By: Jason Cox
The Clintons are a family seemingly plagued by perpetual scandal; be it the Whitewater real estate deals, Hillary’s handling of Benghazi, or Bill’s sordid past with women, the list goes on and on. However, since the 2012 elections, it seems their stock could never be higher. Most Americans would prefer former President Bill Clinton still be in office, and Hillary is now the largely unopposed frontrunner for the Democratic nomination. But we’re all creatures of habit, and the Clintons have again brought themselves into the gaze of public scrutiny—this time over alleged improper conduct in the operation of their charitable foundation.
The William J. Clinton Foundation was established in 2001 to act as the charitable outlet of former President Bill Clinton. Its name has changed over the years, adding both Hillary and their daughter Chelsea’s name on board, until finally settling on “The Clinton Foundation” this year. The foundation includes among its goals a wide variety of causes, including eradication of disease, global expansion of women’s rights, and economic development. It has made its face known prominently in the wake of Hurricane Katrina, as well as in the aftermath of the devastating 2010 earthquake in Haiti.
When Hillary Clinton was appointed Secretary of State in 2009, she publicly supported President Obama’s pledge for greater transparency in government. For her, this included promising to disclose the identity of any donor to her organization while she ran the State Department. Since that time she has been under the public eye for breaking administration policy by refusing to use her government email address for official business, hosting a private email server for these breaches at her home (that has since been wiped clean,) and now it has been recently brought to light that the Clinton Health Access Initiative (the largest component of the Clinton Foundation) has not been reporting the identity of its donors since 2010.
This apparent disregard for transparency would be bad enough on its own, but it has now snowballed into a much more troubling story. The New York Times reported that the Clinton Foundation received donations from businesses linked to the Russian government shortly before the U.S. State Department approved a deal allowing the Russians to purchase ownership in a uranium mining company. These donations went unreported, and Clinton was reportedly later paid $500,000 to speak at a meeting of business interests linked to this sale.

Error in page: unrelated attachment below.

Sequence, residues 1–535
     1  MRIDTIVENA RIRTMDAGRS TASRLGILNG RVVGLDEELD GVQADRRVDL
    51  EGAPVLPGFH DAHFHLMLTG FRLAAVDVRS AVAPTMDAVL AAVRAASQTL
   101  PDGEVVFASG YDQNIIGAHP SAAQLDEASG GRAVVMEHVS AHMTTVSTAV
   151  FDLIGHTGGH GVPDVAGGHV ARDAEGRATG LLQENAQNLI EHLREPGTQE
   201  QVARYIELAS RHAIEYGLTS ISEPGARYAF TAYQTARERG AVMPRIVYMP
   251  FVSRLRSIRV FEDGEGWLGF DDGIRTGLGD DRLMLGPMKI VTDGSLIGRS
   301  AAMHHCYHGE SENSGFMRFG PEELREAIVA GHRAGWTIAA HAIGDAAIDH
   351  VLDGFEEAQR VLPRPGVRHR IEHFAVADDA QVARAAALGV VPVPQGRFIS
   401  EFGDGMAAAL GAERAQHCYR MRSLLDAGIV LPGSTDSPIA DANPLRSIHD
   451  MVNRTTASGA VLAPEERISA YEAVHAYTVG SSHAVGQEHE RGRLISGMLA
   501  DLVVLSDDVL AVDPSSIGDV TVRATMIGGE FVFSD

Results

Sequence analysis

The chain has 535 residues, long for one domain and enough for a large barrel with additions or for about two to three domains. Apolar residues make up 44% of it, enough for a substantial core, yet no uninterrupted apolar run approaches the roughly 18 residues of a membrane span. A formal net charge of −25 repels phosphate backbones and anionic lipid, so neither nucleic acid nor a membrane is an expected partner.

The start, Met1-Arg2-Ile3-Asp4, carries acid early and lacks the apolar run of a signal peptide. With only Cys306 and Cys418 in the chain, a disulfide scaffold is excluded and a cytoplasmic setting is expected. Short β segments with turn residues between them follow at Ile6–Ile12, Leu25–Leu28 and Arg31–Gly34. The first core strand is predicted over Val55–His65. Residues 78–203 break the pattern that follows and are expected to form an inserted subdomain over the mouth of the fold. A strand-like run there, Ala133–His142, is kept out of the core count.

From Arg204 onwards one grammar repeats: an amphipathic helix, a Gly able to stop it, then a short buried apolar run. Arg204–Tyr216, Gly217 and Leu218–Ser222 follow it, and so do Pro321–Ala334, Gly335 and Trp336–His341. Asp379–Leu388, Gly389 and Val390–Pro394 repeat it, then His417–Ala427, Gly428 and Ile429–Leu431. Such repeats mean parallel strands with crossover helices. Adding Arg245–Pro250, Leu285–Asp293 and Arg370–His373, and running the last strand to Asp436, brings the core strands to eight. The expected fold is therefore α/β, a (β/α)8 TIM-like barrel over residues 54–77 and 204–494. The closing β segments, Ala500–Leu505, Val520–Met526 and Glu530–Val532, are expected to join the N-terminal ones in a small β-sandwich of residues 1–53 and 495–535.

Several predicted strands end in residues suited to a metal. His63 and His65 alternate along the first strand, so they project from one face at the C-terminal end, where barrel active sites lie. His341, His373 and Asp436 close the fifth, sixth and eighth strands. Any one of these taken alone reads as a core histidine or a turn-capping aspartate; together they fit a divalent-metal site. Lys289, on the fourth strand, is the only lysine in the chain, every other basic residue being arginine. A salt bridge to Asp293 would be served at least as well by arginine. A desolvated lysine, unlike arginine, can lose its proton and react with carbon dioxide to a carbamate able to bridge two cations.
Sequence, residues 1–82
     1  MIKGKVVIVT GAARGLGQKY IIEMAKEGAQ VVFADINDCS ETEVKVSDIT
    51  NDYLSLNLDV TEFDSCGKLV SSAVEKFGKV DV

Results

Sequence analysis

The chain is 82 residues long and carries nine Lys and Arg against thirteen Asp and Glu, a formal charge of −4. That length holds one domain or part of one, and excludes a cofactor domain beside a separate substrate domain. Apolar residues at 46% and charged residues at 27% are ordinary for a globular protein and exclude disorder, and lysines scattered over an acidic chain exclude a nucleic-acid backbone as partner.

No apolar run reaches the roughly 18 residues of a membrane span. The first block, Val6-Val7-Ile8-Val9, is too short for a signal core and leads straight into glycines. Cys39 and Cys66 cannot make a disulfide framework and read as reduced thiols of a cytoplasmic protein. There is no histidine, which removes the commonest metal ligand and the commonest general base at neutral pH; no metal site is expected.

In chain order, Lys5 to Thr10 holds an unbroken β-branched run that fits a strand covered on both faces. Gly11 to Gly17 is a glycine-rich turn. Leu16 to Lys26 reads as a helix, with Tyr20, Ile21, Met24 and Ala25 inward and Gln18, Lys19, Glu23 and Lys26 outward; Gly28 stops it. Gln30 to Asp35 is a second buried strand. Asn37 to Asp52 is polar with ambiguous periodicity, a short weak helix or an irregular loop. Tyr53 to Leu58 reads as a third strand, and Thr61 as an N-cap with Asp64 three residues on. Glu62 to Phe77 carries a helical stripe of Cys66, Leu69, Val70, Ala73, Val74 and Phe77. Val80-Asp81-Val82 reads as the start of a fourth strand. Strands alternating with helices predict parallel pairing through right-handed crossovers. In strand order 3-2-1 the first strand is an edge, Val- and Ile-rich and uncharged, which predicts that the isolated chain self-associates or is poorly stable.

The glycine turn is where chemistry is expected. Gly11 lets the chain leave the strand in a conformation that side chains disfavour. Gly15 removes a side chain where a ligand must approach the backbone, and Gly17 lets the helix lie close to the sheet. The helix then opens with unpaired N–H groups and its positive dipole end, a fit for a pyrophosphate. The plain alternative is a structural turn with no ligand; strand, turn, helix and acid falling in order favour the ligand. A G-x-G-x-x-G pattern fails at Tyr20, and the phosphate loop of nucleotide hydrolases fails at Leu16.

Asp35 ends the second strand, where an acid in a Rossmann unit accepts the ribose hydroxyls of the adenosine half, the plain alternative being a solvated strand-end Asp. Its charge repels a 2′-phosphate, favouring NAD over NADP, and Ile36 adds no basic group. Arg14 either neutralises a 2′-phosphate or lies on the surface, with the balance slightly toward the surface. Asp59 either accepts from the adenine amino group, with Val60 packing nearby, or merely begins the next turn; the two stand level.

This unsurprisingly led to an array of accusations, chief among them that the former Secretary of State was bribed into giving up control of a strategic resource to an increasingly defiant Russian government. Federal law defines bribery of a government official as a promise to provide something of value in exchange for an official act or service by that public servant. Of course, it can’t be assumed that these extravagant payments and donations were a payoff for an abuse of authority by Secretary Clinton, and her campaign has strongly denied the accusations. That the former Secretary of State broke transparency rules set by the Obama administration and her own promise to disclose her Foundation’s donors leads to serious questions about her judgment and integrity.
Popular culture today is saturated with depictions of corrupt figures in government with shady backers pulling the strings. The threat of corruption at the highest levels of government cannot be taken lightly. National security decisions should not be placed in the hands of figures that will be swayed by the promise of lucrative rewards. Further still, the digital age has ensured the negative effects of abuse have never been larger, proven by the leaks of Edward Snowden. As Hillary Clinton embarks on her second run for the presidency, the American public is going to have to decide whether reality should reflect the entertainment sphere, and whether or not our highest officials are to be bought and sold.